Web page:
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able abstract according acquired analogy appears applied association attention belief body called cause circumstances classes combinations common conceive conception concerning conclusions connected consequence considered definitions demonstration distinct doctrine effect employed enable equally evidence exercise existence experience expression extend fact faculty feel former frequently geometry give greater habits human ideas illustrate imagination important impressions individuals influence instance intellectual judgment knowledge language laws lead less limited manner material mathematical matter means Memory merely mind moral nature necessary never notions objects observation occasion occur operations opinion original particular perceive perception person phenomena philosophical physical pleasure possess possible practical present principles produced proper propositions reasoning recollection reference relations remarks respect result says seems sensation sense speculations suggested supposed theory things thought tion truth understanding various writers
204 psl. - And, to deal plainly, I fear I am not in my perfect mind. Methinks I should know you and know this man; Yet I am doubtful; for I am mainly ignorant What place this is, and all the skill I have Remembers not these garments; nor I know not Where I did lodge last night. Do not laugh at me; For, as I am a man, I think this lady To be my child Cordelia.
170 psl. - I behold like a Spanish great galleon, and an English man-of-war; Master Coleridge, like the former, was built far higher in learning, solid, but slow in his performances. CVL, with the English man-of-war, lesser in bulk, but lighter in sailing, could turn with all tides, tack about, and take advantage of all winds, by the quickness of his wit and invention.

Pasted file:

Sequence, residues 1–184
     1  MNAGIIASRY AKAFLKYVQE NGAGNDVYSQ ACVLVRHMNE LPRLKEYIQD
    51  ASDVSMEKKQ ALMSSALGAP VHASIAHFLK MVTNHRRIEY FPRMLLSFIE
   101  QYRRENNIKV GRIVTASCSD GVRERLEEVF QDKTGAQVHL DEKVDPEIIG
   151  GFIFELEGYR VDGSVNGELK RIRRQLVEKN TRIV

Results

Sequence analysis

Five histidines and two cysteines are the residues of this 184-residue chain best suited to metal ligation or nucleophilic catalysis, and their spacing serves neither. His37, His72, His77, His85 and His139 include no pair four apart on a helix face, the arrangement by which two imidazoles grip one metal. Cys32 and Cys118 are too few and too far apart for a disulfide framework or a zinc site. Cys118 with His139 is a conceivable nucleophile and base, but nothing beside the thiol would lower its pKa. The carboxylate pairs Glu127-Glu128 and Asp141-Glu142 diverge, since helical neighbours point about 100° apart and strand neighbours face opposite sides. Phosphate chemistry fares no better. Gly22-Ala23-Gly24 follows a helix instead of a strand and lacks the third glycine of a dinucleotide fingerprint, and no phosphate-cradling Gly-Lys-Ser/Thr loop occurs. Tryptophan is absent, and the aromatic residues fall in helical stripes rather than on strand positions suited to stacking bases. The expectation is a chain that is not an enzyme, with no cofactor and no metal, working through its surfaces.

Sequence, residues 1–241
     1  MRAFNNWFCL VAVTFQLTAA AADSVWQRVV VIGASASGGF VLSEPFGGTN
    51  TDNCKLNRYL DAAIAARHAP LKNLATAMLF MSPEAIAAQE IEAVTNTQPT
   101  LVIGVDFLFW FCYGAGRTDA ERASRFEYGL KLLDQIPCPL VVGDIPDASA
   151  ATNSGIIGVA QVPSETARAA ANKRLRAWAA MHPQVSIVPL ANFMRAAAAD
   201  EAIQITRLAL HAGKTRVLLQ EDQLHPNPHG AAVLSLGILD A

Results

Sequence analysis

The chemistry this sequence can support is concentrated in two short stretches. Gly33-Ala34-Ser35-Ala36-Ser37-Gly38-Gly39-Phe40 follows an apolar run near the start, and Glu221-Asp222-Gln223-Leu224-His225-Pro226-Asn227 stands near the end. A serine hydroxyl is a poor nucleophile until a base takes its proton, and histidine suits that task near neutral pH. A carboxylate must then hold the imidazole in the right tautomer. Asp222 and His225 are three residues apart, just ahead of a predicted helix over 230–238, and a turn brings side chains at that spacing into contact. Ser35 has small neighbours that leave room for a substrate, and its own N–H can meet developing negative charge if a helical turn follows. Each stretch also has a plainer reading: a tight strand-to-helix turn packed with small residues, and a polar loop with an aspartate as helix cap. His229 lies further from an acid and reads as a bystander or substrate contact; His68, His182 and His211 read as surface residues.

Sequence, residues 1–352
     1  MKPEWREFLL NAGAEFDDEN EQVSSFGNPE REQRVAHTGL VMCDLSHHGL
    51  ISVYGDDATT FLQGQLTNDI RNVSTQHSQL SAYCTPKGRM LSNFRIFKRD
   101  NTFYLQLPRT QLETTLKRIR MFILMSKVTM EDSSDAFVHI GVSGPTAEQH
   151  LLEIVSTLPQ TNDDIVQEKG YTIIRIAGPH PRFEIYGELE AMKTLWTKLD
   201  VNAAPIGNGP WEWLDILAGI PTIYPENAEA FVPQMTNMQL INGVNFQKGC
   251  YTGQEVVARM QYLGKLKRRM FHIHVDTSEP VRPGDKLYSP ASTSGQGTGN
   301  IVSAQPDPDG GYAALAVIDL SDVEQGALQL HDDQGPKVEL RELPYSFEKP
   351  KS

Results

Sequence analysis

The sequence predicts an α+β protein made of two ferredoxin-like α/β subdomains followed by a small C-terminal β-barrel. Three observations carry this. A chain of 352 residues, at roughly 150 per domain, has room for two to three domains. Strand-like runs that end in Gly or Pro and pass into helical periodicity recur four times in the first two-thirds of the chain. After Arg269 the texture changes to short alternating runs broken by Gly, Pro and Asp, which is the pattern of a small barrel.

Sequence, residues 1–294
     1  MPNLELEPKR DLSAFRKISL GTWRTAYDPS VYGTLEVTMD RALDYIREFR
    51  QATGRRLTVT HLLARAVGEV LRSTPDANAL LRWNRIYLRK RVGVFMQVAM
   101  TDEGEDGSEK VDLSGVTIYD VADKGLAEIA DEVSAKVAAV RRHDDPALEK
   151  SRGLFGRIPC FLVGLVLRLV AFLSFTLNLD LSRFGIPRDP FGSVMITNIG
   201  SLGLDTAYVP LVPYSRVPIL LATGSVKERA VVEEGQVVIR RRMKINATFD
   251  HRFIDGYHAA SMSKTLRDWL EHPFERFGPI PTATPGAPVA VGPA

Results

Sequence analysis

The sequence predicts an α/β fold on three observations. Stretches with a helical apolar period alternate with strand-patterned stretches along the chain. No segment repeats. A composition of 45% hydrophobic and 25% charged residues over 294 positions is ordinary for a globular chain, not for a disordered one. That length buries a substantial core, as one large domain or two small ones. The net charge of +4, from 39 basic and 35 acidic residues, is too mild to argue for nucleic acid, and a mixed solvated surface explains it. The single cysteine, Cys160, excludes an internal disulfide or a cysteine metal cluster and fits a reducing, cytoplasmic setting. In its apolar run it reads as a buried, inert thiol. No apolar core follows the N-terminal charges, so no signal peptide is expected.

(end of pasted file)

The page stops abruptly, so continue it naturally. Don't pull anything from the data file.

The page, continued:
373 psl. - There wanted yet the master-work, the end Of all yet done ; a creature, who not prone And brute as other creatures, but endued With sanctity of reason, might erect His stature, and upright with front serene Govern the rest, self-knowing ; and from thence Magnanimous to correspond with heaven ; But grateful to acknowledge whence his good Descends ; thither with heart, and voice, and eyes Directed in devotion, to adore And worship God supreme, who made him chief Of all his works : therefore the Omnipotent...
176 psl. - And when I die, be sure you let me know Great Homer dy'd three thousand years ago. Why did I write? what sin to me unknown Dipt me in Ink, my parents, or my own? As yet a child, nor yet a fool to fame, I lisp'd in numbers, for the numbers came. I left no calling for this idle trade, No duty broke, no father disobey'd. The Muse but serv'd to ease some friend, not Wife, To help me thro...
16 psl. - I call therefore a complete and generous education that which fits a man to perform justly, skilfully, and magnanimously all the offices both private and public of peace and war.
369 psl. - And therefore it was ever thought to have some participation of divineness, because it doth raise and erect the mind, by submitting the shows of things to the desires of the mind ; whereas reason doth buckle and bow the mind into the nature of things.
373 psl. - There wanted yet the master work, the end Of all yet done ; a creature who, not prone And brute as other creatures, but endued With sanctity of reason, might erect His stature, and upright with front serene Govern the rest, self-knowing, and from thence 510 Magnanimous to correspond with Heaven...
170 psl. - Master Jonson (like the former) was built far higher in learning ; solid, but slow in his performances. Shakespeare with the English man-ofwar, lesser in bulk, but lighter in sailing, could turn with all tides, tack about and take advantage of all winds, by the quickness of his wit and invention.
33 psl. - I can discover, are the windows by which light is let into this dark room : for methinks the understanding is not much unlike a closet wholly shut from light, with only some little opening left, to let in external visible resemblances, or ideas of things without : would the pictures coming into such a dark room but stay there, and lie so orderly as to be found upon occasion, it would very much resemble the understanding of a man, in reference to all objects of sight, and the ideas of them.
190 psl. - In general, their existence appears to participate more of sensation than reflection. To this must be ascribed their disposition to sleep when abstracted from their diversions, and unemployed in labour. An animal whose body is at rest, and who does not reflect, must be disposed to sleep of course.